Eventually, the company changed the models in their marketing to be 35 years old or older to be better aligned with their first target, adult smokers. is action wasn’t finalized until June of 2017, but critics say that, by then, teenagers were enticed to try Juul, hooking a new generation of e-cigarette users at a young age.
Experts are being very skeptical about how ‘safe’ the e-cigs are. Vapes and Juuls both contain high amounts of nicotine, in order to recreate an amount as high as a regular cigarette. Some of the Juul flavors contain particles that vary in the number of toxic chemicals which have a connection to cancer and heart problems.
Public health officials are worried about having another generation addicted to the use of nicotine, and the possibility that it could lead to the use of combustible cigarettes and other drugs in the future.
While the company claims that they were trying to stop teens from using their products, their actions do not appear to back this up.
“From our perspective, this is not about getting adults to stop smoking,” Healey said, “ This is about getting kids to start vaping, and make money and have them as customers for life.”
This is alarming for anyone concerned or worried about the youth of our nation. Getting addicted to the harmful effects of these products, or worse.
“A survey of adolescent drug use last year found that 11 percent of 12th graders, 8.2 per- cent of 10th graders and 3.5 percent of eighth graders had vaped nicotine in the previous 30 days.” according to the “Monitoring the Future 2017” report by The National Institute on Drug Abuse at the National Institutes of Health.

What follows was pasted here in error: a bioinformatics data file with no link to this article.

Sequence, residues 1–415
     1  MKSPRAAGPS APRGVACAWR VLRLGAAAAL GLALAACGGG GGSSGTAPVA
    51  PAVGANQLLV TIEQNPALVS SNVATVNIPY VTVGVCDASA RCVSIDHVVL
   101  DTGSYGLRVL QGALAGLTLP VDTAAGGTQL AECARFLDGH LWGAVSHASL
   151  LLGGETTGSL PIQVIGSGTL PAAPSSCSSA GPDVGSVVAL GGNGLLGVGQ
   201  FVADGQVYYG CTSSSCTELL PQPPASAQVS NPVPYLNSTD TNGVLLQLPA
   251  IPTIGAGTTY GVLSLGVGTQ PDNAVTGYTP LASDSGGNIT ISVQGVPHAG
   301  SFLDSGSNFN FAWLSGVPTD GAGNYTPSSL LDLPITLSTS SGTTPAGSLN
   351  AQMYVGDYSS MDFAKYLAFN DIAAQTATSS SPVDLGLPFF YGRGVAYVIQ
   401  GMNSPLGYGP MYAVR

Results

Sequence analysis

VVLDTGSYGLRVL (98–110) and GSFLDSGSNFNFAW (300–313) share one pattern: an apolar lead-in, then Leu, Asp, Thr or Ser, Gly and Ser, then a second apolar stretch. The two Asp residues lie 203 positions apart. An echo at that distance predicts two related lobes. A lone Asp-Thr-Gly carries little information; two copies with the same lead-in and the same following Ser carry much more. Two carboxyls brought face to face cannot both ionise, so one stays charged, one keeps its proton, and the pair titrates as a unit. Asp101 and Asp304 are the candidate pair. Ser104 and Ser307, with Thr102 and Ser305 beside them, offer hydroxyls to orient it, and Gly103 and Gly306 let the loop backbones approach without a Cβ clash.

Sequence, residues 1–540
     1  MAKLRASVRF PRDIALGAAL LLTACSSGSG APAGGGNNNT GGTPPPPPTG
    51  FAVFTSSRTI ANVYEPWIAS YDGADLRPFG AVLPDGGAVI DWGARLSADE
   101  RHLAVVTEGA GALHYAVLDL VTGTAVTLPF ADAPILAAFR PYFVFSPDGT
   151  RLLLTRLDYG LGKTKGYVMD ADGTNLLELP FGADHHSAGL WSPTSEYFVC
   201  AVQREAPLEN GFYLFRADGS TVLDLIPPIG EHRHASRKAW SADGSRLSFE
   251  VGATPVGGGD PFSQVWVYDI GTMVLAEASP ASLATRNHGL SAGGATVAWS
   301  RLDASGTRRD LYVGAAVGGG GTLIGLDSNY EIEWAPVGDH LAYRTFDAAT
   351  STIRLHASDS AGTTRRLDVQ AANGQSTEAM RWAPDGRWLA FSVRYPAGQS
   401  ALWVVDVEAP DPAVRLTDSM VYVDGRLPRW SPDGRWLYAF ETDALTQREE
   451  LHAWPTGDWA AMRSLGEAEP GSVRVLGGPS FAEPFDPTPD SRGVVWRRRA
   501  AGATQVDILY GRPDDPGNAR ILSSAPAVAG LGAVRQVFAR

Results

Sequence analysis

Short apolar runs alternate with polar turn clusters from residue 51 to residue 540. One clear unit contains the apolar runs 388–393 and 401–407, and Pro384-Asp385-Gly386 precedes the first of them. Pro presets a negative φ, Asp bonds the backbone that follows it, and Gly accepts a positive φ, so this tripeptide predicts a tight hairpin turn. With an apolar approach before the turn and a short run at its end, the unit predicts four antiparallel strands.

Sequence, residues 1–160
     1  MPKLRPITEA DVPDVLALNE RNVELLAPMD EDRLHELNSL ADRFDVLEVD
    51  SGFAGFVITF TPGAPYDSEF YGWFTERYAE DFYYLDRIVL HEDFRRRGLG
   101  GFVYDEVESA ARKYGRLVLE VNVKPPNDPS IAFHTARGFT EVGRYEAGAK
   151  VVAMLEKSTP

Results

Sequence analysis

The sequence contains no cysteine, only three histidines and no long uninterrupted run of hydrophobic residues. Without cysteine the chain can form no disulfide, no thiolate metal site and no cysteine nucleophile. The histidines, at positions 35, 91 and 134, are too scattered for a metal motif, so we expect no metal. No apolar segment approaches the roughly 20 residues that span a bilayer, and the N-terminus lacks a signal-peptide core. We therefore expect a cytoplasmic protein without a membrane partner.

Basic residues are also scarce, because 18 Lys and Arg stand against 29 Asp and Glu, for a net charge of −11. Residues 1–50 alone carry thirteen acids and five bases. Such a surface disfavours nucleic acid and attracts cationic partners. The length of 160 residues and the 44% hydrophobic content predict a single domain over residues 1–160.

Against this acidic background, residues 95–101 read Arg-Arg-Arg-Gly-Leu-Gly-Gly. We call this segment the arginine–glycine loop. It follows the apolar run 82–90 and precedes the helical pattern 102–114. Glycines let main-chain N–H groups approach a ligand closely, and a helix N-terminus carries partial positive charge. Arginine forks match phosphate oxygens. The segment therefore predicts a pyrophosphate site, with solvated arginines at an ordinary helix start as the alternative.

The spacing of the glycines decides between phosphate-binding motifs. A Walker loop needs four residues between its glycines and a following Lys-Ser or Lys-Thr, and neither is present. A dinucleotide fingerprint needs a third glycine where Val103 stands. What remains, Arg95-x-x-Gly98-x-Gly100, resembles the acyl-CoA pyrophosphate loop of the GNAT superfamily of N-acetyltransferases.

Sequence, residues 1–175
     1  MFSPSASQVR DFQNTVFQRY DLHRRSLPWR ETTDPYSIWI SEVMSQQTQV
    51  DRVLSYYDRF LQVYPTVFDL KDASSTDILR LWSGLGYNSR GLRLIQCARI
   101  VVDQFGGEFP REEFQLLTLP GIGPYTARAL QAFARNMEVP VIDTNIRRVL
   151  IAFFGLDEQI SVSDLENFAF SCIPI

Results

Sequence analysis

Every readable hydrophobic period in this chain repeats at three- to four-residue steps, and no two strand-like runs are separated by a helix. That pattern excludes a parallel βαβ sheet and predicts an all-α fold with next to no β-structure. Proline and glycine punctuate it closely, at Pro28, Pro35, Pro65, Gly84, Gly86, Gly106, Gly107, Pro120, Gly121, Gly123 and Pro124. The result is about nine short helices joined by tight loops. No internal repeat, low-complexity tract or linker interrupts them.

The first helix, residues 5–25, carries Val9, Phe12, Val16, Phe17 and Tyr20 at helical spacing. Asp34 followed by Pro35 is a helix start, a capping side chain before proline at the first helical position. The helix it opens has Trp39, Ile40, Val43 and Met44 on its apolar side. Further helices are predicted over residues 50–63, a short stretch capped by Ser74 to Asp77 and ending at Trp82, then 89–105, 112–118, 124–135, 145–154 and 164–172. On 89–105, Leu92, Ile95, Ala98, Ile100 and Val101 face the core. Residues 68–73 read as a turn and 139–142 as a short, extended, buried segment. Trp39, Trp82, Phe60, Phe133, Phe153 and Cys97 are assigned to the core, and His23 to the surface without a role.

Healey has stated that the models and products they use in their ads were to appeal to younger people, for looking cute, or hip in a way to get to tens of millions of smokers addicted while they are young.
In response to the investigation, Matt David, Juul Labs’ chief communication officer, told The New York Times that the company never marketed towards minors, but instead that the adults were to blame because they’ve talked about how popular their company was getting.
At Akins, senior Ben Young said he surprised himself when he recently started vaping. He has seen his dad vaping for the last ve years and thought it was something that he would never do himself. Young said he does not consider vaping harmful except for the ones mixed with toxic artificial flavors.
“I’ve done some research and I’ve learned that there aren’t that many harmful effects that are in natural vapes, because the ingredients they use are the ingredients they use in your cereal,” Young said.
Sometimes vaping among teens takes on a social aspect. Senior Lewis Aguayo said he doesn’t own a Juul himself, but will use a friend’s when they are hanging out.
He said he personally thinks that “they’re really bad” for nicotine addiction, but are not a big danger for all teens.
“I don’t think it’ll make you do harder drugs… I just believe that you’ll get addicted to the nicotine,” he said.